When the moon and the sun are both visible in the sky, but not close together, the sunlight often appears to illuminate the moon from a high angle, even when the sun is closer to the horizon than the moon.
As seen in an orthogonal projection, the lunar terminator (the boundary of the illuminated hemisphere of the moon) appears from Earth as a half-ellipse. The major axis of the ellipse is perpendicular to the sun's direction from the moon: the sun lies on an extension of the minor axis.
The illusion occurs when the moon and sun are separated by a wide angle, so that they are perceived relative to the horizon, as if in a panorama. A panoramic photograph is a cylindrical projection. In this projection, most straight lines project as sinusoidal curves. The moon-sun line is curved, unless the moon and sun are on the horizon or directly above one another.
This curve can be seen in the figure below, which shows a cylindrical projection of the sky covering 60° of altitude and 180° of azimuth. Below it is an isometric drawing showing how the moon and the sun project on to the cylinder from the viewpoint.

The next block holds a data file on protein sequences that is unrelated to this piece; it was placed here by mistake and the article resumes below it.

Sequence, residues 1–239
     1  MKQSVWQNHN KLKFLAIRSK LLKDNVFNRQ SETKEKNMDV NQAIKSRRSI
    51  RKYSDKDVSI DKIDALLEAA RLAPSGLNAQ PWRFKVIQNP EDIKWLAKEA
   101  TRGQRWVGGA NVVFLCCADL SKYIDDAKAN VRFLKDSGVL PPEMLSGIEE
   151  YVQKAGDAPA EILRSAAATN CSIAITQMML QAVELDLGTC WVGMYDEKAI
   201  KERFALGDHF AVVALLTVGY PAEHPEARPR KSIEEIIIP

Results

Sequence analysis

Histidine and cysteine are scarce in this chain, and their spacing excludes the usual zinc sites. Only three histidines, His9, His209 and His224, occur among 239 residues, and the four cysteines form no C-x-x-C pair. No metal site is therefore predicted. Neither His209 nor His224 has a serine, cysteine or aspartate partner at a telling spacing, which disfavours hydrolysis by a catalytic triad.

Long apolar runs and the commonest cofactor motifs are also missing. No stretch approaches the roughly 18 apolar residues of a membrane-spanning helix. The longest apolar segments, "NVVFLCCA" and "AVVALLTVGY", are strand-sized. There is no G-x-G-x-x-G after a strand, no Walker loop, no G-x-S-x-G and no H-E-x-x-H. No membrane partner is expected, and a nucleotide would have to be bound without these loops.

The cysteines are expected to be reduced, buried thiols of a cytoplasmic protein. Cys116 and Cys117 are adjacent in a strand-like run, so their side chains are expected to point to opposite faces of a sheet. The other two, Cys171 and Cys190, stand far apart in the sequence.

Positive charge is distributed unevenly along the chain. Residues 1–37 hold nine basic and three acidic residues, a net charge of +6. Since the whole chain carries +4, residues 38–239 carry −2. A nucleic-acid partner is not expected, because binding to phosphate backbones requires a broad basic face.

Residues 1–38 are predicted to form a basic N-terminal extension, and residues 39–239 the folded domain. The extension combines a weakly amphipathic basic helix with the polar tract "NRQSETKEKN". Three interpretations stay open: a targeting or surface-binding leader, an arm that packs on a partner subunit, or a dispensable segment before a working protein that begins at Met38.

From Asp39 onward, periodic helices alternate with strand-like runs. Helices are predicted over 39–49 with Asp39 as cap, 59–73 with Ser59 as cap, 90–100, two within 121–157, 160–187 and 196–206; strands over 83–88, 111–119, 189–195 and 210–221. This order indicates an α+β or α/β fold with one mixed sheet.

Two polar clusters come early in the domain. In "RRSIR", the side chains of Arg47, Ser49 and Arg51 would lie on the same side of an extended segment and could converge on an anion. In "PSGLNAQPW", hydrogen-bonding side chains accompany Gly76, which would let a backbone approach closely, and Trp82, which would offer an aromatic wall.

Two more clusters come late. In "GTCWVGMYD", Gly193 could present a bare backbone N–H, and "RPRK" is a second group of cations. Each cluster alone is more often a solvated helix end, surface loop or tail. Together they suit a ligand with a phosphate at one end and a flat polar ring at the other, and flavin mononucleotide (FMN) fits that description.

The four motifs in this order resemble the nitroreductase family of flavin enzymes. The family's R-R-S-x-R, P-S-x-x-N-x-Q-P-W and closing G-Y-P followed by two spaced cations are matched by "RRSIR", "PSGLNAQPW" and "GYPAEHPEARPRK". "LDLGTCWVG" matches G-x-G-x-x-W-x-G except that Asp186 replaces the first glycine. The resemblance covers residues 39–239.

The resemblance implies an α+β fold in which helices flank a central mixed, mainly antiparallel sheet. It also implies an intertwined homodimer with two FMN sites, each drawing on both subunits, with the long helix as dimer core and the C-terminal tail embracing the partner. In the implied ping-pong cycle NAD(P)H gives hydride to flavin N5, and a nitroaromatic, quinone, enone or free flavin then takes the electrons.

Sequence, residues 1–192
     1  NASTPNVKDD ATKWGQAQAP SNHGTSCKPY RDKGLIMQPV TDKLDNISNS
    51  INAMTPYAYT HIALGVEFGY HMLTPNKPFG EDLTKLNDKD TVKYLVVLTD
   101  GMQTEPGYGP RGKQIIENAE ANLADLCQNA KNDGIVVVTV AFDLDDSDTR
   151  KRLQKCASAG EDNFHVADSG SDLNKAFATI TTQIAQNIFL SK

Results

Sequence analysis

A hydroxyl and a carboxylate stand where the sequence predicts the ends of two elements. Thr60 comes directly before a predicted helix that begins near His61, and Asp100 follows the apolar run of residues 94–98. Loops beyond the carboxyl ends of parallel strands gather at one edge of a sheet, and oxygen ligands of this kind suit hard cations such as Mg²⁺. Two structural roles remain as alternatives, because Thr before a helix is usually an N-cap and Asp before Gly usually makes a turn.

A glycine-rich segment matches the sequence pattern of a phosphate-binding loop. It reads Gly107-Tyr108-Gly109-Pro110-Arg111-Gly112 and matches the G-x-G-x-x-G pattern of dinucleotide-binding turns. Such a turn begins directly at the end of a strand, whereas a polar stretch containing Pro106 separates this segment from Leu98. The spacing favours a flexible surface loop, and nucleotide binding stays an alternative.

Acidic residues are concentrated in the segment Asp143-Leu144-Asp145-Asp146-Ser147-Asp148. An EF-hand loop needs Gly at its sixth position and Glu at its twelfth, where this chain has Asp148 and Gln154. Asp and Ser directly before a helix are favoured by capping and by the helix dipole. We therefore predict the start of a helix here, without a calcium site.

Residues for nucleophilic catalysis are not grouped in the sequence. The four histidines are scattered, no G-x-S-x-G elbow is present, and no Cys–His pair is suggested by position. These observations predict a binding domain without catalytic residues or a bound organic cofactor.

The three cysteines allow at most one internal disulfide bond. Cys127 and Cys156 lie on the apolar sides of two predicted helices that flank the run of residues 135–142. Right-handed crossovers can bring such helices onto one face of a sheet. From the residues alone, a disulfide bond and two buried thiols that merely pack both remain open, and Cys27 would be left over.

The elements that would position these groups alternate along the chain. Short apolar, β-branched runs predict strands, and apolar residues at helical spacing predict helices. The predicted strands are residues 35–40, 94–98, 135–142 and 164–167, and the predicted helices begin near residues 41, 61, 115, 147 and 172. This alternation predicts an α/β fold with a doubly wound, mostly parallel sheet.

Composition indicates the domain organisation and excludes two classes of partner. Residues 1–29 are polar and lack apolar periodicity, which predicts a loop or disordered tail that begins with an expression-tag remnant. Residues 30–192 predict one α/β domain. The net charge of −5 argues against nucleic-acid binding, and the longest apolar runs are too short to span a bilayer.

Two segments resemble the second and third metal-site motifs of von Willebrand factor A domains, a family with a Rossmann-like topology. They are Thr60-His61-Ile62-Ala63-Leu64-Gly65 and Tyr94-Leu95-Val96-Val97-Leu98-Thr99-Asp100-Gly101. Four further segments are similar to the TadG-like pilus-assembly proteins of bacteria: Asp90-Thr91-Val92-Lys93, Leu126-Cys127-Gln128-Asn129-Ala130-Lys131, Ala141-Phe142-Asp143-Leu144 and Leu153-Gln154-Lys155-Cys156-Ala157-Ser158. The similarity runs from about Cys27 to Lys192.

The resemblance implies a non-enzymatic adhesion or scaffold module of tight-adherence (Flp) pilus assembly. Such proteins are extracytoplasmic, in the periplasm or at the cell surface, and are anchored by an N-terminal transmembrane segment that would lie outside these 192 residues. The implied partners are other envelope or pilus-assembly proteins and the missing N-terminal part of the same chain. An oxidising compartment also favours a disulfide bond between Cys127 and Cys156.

If you mouse over the figure, it animates to show the radius of the cylinder increasing until it becomes a plane. The projection then becomes a rectilinear one, in which all straight lines remain straight. As the cylinders are tangent to the plane at the moon's position, the angle of the terminator remains constant throughout the animation.
The rectilinear projection is like a wide-angle photograph. Angular displacements are progressively magnified away from the optical centre, as revealed by the grid lines. The angle of the terminator is thus slightly different than it would appear if looking directly up at the moon.
Christopher B. Jones, Sydney, January 2014